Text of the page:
What a year 2014 was. It marked the end of an era being my final year of school. I finished on a high, with the Young Ambassadors Trip certainly being one of the highlights of my 13 years at school.
Looking back on the trip there are two main things I can take away from it, that will benefit me for the rest of my life.
Who would have thought a group of 11 teenagers from around the country who had never met before, would get along so well? I certainly didn’t this time last year! I am so happy to say that I have made life long friends in the Young Ambassadors group. Some of which will be studying at Otago University with me this year. Emma is in the hostel next door, and Lucy’s hostel is only a stone’s throw away.
Glenda and Ruth were terrific chaperones, who gave us the freedom we needed to explore in France and Belgium and discover and experience the World War I sites when we visited them. And let’s not forget Pascale – the charismatic driving force behind the Shared Histories initiative!
Finally I can’t forget my wonderful homestay family, who I have kept in touch with since leaving Arras. Only last week I got a postcard from my homestay sister Delphine, as well as a souvenir Stork from Alsace. I am looking forward to the day I can go back to visit them.
I really didn’t appreciate the magnitude of the destruction WWI caused until I visited France. I will never forget standing in the Menin gate, feeling like I was drowning in the 55,000 names that surrounded me. Or walking along the top of a ridge with a trench to my right and a crater left by a bomb to my left, which came a meter short of hitting the soldiers that would have sheltered in that trench. Reflecting on how upset I was when I saw my great-great-grandfathers name on the memorial wall at The Caterpillar Valley Cemetery, knowing his name was only one of thousands on that wall alone, truly hit home the overwhelming loss of life and emotional impact on those who survived the deceased.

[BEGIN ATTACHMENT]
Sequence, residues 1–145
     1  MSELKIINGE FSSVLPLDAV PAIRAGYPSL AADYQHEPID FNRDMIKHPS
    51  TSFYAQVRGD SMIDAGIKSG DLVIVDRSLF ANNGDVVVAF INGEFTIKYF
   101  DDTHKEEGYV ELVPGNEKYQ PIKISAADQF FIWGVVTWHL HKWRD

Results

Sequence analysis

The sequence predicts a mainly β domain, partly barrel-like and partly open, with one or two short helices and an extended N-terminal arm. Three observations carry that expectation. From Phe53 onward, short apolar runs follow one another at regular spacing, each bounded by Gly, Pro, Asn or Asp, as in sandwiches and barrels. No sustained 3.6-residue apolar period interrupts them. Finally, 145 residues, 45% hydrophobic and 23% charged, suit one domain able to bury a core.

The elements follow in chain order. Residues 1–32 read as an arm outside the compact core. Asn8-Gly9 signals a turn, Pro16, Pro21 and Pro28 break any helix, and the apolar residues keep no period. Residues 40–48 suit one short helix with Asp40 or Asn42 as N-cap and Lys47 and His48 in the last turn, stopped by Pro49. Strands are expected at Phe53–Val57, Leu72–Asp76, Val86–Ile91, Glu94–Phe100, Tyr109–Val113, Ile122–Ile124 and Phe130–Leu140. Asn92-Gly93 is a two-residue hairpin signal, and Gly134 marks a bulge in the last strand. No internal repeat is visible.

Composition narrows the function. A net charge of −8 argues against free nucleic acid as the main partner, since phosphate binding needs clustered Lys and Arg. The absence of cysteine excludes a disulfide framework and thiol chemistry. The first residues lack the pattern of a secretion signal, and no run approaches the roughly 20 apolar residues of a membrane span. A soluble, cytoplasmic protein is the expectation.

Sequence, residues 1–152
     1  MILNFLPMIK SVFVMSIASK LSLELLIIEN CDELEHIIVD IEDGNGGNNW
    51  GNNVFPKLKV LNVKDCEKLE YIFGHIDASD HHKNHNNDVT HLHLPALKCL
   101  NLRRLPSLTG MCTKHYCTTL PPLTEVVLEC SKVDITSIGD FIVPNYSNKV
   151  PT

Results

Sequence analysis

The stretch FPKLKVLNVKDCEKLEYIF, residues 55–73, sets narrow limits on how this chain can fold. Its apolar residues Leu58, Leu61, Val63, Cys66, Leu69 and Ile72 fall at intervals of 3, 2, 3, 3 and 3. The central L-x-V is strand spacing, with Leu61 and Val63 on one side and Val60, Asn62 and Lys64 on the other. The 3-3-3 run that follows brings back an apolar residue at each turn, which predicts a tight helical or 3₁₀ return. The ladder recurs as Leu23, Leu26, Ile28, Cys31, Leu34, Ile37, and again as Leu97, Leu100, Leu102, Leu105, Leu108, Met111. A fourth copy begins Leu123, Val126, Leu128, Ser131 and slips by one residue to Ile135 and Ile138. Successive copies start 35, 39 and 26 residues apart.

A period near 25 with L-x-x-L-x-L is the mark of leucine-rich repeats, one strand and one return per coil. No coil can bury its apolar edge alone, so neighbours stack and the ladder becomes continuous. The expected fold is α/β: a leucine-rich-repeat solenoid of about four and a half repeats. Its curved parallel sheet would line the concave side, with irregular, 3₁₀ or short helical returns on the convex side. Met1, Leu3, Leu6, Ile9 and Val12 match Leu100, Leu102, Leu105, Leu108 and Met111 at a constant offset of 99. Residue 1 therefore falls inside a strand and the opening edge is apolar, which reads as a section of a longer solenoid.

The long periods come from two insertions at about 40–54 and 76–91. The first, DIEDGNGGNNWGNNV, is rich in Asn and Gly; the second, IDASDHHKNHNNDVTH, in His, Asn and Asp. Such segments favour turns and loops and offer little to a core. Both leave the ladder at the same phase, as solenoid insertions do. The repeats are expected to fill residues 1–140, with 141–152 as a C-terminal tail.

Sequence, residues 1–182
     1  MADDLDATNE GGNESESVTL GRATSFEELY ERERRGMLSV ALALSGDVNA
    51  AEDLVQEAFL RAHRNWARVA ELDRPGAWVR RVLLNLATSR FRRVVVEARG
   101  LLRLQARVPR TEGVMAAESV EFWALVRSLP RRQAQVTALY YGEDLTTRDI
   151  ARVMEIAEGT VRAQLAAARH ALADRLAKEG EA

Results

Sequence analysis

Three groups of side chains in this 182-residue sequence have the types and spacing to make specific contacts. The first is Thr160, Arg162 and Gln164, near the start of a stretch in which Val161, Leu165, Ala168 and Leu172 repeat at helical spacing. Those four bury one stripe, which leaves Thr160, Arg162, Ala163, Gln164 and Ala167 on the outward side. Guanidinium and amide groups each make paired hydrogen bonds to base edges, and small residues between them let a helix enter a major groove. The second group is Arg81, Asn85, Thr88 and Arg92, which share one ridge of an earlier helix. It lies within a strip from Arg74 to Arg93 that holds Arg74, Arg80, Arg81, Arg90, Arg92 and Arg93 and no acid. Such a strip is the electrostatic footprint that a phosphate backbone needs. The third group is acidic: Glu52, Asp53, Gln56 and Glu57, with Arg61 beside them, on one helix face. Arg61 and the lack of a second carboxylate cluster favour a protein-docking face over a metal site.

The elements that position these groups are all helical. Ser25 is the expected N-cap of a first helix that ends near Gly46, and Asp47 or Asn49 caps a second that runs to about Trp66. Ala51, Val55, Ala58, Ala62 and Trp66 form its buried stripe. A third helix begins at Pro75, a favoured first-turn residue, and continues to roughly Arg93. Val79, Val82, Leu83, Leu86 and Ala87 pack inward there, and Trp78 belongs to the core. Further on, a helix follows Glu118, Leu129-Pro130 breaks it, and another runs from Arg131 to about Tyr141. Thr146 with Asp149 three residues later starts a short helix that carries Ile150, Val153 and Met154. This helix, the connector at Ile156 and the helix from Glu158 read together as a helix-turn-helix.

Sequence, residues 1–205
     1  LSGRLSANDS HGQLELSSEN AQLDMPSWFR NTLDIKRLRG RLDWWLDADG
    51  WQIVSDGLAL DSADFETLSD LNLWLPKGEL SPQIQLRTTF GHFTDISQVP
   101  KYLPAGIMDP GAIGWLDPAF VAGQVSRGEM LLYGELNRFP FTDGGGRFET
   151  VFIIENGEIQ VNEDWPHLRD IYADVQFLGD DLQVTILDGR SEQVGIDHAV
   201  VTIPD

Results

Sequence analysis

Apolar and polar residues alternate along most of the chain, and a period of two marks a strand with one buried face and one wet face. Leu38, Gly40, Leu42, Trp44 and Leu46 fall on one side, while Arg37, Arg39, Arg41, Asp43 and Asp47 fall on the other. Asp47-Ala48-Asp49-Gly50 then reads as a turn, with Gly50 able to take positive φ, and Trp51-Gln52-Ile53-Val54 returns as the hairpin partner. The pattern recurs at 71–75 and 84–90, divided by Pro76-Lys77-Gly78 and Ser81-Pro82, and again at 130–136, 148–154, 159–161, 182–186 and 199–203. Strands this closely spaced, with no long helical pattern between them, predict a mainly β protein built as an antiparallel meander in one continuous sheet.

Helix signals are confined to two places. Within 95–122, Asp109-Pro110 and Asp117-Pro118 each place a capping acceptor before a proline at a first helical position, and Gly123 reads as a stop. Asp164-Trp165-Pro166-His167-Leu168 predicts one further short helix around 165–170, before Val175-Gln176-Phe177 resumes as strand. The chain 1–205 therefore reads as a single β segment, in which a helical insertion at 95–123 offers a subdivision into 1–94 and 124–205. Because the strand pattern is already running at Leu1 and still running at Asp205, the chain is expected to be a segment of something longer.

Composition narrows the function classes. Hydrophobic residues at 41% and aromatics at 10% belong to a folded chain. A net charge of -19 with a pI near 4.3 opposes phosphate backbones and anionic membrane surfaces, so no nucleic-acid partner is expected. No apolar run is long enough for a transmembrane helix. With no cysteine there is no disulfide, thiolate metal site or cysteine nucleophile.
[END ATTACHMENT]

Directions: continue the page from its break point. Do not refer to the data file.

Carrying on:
The most rewarding part of the Young Ambassador’s WWI commemorations came after the trip itself, when I went into the community to share my experiences. I went to three rotary groups, the Alliance Française and three primary schools around Palmerston North. I was pleasantly surprised by how attentive audiences were (especially the primary schools), and how willing people were to share their stories with me after I had finished mine!
I am sad that my involvement with Shared Histories as a Young Ambassador is coming to a close. However, I know that the Shared Histories project has only just started with many more schools in France and New Zealand to connect and work together on a project that will bring back alive our devastating shared history.
I will be watching on with a keen eye over the coming years,